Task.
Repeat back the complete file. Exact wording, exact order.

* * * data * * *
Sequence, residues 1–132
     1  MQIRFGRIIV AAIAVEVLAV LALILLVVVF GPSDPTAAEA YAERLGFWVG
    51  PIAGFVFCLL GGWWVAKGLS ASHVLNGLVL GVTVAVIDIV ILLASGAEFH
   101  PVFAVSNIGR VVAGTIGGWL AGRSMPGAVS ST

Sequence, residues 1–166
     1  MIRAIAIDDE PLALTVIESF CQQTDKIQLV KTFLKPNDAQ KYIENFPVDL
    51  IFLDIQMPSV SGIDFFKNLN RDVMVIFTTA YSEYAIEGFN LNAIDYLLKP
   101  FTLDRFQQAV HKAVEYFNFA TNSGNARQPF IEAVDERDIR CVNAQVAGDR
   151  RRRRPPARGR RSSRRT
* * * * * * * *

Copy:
Sequence, residues 1–132
     1  MQIRFGRIIV AAIAVEVLAV LALILLVVVF GPSDPTAAEA YAERLGFWVG
    51  PIAGFVFCLL GGWWVAKGLS ASHVLNGLVL GVTVAVIDIV ILLASGAEFH
   101  PVFAVSNIGR VVAGTIGGWL AGRSMPGAVS ST

Sequence, residues 1–166
     1  MIRAIAIDDE PLALTVIESF CQQTDKIQLV KTFLKPNDAQ KYIENFPVDL
    51  IFLDIQMPSV SGIDFFKNLN RDVMVIFTTA YSEYAIEGFN LNAIDYLLKP
   101  FTLDRFQQAV HKAVEYFNFA TNSGNARQPF IEAVDERDIR CVNAQVAGDR
   151  RRRRPPARGR RSSRRT